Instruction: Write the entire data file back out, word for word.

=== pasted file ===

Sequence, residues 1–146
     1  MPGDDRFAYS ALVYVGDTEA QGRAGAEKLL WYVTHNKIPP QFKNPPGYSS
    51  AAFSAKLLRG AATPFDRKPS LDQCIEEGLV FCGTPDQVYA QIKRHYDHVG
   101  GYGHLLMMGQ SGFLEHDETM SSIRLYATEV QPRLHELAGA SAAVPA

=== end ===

Sequence, residues 1–146
     1  MPGDDRFAYS ALVYVGDTEA QGRAGAEKLL WYVTHNKIPP QFKNPPGYSS
    51  AAFSAKLLRG AATPFDRKPS LDQCIEEGLV FCGTPDQVYA QIKRHYDHVG
   101  GYGHLLMMGQ SGFLEHDETM SSIRLYATEV QPRLHELAGA SAAVPA